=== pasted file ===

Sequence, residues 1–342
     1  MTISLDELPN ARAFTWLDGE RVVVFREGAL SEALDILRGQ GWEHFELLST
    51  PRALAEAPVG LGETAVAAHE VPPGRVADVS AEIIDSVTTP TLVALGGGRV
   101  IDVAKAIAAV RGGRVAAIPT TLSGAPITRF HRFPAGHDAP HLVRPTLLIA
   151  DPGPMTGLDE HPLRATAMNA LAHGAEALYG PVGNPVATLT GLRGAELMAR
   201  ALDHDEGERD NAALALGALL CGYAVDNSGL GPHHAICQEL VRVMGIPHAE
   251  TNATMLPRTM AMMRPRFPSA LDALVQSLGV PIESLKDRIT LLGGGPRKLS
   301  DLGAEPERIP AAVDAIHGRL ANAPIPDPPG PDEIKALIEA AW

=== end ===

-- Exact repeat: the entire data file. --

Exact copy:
Sequence, residues 1–342
     1  MTISLDELPN ARAFTWLDGE RVVVFREGAL SEALDILRGQ GWEHFELLST
    51  PRALAEAPVG LGETAVAAHE VPPGRVADVS AEIIDSVTTP TLVALGGGRV
   101  IDVAKAIAAV RGGRVAAIPT TLSGAPITRF HRFPAGHDAP HLVRPTLLIA
   151  DPGPMTGLDE HPLRATAMNA LAHGAEALYG PVGNPVATLT GLRGAELMAR
   201  ALDHDEGERD NAALALGALL CGYAVDNSGL GPHHAICQEL VRVMGIPHAE
   251  TNATMLPRTM AMMRPRFPSA LDALVQSLGV PIESLKDRIT LLGGGPRKLS
   301  DLGAEPERIP AAVDAIHGRL ANAPIPDPPG PDEIKALIEA AW